By Andrea Beatty (Partner) of Piper Alderman.
The Treasury Laws Amendment (Enhancing Whistleblower Protections) Act 2019 has been passed by the Commonwealth Parliament. The previous issue of this newsletter contained an article setting out its provisions in more detail, but one of the key obligations under it, for public and large proprietary companies, is the need to have in place a whistleblower policy that sets out information about:
- the protections available to whistleblowers
- how protected disclosures can be made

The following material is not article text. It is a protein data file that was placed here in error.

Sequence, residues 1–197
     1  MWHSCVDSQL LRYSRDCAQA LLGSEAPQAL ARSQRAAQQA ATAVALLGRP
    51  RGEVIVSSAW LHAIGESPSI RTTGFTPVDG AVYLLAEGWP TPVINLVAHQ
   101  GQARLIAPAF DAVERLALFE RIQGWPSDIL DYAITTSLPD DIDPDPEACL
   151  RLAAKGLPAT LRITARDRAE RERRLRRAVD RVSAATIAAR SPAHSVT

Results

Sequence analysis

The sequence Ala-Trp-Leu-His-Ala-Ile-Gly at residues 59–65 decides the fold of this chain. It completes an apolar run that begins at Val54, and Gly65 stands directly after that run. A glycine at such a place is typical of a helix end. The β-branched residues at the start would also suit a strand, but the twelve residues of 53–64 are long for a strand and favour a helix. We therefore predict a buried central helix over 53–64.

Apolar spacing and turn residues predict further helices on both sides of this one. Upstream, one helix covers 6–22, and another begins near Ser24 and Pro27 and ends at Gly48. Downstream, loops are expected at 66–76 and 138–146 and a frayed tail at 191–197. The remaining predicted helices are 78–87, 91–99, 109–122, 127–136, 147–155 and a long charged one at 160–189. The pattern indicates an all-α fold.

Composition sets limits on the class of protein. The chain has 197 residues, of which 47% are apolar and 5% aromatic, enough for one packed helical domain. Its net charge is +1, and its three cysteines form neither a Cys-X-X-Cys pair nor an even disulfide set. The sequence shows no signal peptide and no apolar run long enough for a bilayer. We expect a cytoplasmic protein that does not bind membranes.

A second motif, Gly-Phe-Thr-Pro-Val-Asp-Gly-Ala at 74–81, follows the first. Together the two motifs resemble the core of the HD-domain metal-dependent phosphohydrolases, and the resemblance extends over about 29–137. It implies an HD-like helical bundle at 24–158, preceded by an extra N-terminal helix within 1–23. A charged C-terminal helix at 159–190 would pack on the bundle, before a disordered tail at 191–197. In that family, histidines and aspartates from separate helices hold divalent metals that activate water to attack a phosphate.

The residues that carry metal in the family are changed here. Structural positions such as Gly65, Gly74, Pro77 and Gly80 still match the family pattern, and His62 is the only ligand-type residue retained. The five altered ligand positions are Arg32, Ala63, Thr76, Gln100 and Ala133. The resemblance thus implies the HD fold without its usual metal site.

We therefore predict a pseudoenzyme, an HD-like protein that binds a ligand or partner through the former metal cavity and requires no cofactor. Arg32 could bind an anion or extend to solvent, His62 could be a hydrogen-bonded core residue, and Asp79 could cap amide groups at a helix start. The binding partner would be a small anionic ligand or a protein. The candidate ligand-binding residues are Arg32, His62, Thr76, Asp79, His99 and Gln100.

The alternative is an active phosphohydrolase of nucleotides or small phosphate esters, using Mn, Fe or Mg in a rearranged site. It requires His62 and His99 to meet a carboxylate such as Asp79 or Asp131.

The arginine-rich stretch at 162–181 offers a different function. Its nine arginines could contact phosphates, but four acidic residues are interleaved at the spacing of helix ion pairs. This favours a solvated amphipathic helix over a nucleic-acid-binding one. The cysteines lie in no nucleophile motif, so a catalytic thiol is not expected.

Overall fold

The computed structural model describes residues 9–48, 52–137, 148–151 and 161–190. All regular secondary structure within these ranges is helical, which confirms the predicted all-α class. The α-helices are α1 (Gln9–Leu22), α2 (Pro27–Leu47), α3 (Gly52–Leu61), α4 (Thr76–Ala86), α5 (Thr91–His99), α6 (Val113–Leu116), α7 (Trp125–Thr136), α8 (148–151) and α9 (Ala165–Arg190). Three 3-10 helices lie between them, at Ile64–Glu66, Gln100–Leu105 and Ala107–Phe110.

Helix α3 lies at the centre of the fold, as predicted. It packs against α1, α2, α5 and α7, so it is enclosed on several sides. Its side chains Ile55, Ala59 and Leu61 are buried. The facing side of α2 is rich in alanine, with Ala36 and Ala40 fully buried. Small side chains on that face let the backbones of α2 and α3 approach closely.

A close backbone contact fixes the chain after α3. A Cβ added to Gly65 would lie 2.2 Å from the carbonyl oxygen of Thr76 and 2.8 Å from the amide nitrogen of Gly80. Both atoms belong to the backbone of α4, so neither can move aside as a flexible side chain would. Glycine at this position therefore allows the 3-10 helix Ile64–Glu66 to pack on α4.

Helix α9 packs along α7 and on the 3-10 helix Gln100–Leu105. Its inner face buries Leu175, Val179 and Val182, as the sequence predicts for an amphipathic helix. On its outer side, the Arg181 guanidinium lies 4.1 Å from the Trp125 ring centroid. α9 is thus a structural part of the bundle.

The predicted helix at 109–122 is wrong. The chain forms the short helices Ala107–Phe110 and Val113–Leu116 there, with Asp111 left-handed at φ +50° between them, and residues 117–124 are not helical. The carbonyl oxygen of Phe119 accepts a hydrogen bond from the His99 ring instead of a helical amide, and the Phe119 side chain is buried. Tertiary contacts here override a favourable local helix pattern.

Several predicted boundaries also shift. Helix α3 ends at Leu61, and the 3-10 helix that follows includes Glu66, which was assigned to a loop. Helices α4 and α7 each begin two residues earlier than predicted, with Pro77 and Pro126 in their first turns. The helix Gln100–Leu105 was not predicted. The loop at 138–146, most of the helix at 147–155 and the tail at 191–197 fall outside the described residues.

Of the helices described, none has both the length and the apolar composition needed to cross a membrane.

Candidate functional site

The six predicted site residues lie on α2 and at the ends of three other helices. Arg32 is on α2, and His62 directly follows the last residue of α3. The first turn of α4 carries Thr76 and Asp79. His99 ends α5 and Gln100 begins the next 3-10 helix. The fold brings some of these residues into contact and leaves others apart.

- how whistleblowers will be supported and protected
- how the company will investigate disclosures made by whistleblowers
- how the company will ensure fair treatment of employees mentioned in whistleblower disclosures, or to whom such disclosures relate, and
- how the policy will be made available to officers and employees.
From 1 January 2020 onwards, a public or large proprietary company failing to have a complying whistleblower policy and failing to make that policy available to officers and employees will be a strict liability offence punishable by:
- for the company, a fine of up to 600 penalty units ($126,000), or
- for an individual liable as an accessory, a fine of up to 60 penalty units ($12,600).
This article was originally published on the Piper Alderman website and has been reproduced with permission.